Saturday, May 5, 2018

Cutting Stone For Bronze Age Palaces

A stone discarded near a Bronze Age palace, midway through the process of being cut 
provided important clues about how the finished cut stones were made.

What kind of tools were used to precisely cut tough conglomerate stone for elaborate structures Bronze Age Hittite, Mycenaean and Minoan palaces?

Experimental archaeology combined with close observation of the cuts made and debris abandoned partially cut suggest that long straight edged metal blades, either in a pendulum saw configuration or a two man, two handled saw similar to one used by loggers was used, as explained in a Science News article. Abrasive sand, from the Greek island of Naxos, and water were also probably placed in the cuts to lubricate the blades and increase their cutting power.

A pendulum blade would offer more power to cut through hard rock and help explain the near circular curvature of many of the larger cuts. But, the logger's saw configuration would have made it easier to cut stone at multiple precise angles and has an archaeological precedent in double-handled loggers’ saws excavated from sites from the Late Bronze Age Minoan society on Crete that could have been adapted to cut stone.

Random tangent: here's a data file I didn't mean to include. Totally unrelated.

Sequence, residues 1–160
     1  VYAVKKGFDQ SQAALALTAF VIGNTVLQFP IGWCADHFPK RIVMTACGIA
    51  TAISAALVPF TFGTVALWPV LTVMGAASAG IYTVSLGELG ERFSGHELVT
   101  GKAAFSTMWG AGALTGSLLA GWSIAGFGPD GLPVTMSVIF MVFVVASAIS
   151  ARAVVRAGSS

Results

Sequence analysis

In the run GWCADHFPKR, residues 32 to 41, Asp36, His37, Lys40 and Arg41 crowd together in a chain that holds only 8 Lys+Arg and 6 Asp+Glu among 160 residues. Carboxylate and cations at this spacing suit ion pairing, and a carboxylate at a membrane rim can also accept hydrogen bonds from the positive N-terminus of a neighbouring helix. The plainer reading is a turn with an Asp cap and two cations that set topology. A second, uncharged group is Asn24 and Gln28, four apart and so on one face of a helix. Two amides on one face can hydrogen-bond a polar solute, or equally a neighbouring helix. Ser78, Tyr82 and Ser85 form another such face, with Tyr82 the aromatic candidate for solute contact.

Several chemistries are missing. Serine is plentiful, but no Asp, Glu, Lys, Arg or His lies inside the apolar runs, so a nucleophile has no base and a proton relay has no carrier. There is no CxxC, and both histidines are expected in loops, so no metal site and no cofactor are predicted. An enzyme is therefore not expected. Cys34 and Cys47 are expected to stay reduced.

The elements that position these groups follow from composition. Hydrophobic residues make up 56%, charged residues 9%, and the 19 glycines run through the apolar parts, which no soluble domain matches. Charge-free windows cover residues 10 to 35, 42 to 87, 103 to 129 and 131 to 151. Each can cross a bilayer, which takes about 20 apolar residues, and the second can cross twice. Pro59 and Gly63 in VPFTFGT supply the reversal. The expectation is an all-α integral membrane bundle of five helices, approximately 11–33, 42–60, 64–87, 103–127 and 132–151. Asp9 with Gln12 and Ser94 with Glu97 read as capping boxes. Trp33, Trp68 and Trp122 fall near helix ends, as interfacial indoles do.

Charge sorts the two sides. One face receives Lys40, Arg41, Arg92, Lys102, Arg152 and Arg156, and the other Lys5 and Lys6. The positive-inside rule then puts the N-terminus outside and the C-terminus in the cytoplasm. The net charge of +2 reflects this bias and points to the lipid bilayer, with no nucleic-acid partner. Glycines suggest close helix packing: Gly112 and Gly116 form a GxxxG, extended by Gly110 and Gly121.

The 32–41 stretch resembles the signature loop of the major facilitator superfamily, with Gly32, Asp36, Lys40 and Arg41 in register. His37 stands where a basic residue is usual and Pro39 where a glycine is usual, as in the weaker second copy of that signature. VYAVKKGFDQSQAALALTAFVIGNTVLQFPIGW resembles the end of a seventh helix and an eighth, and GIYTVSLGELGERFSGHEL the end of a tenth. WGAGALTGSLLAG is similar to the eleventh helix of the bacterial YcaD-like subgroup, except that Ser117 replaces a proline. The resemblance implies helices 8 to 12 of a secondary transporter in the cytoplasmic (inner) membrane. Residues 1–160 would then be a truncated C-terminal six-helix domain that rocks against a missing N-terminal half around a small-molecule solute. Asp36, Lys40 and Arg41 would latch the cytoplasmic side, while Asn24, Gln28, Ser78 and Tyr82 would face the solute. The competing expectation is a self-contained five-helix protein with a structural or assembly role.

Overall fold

Experimentation revealed that the Bronze blade used must have resembled 
the modern recreation on the bottom right of this image.

The Science News article was:

* Bruce Bower, "Making the cut: Swinging blade slices into Bronze Age mystery." Science News (April 28, 2018).

The Science News article cites the following journal articles:

* N. Blackwell, "Experimental stone-cutting with the Mycenaean pendulum saw." 92 Antiquity 217 (February 2018) doi:10.15184/aqy.2017.226.

* N. Blackwell, "Making the Lion Gate relief at Mycenae: tools marks and foreign influence." 118 American Journal of Archaeology 451 (July 2014). doi:10.3764/aja.118.3.0451. 

* J. Wright, "The formation of the Mycenaean palace. In Ancient Greece: From the Mycenaean Palaces to the Age of Homer", eds. S. Deger-Jalkotzy and I. Lemos, 3 Edinburgh Leventis Studies 7-52, Edinburgh University Press (2006).

No comments: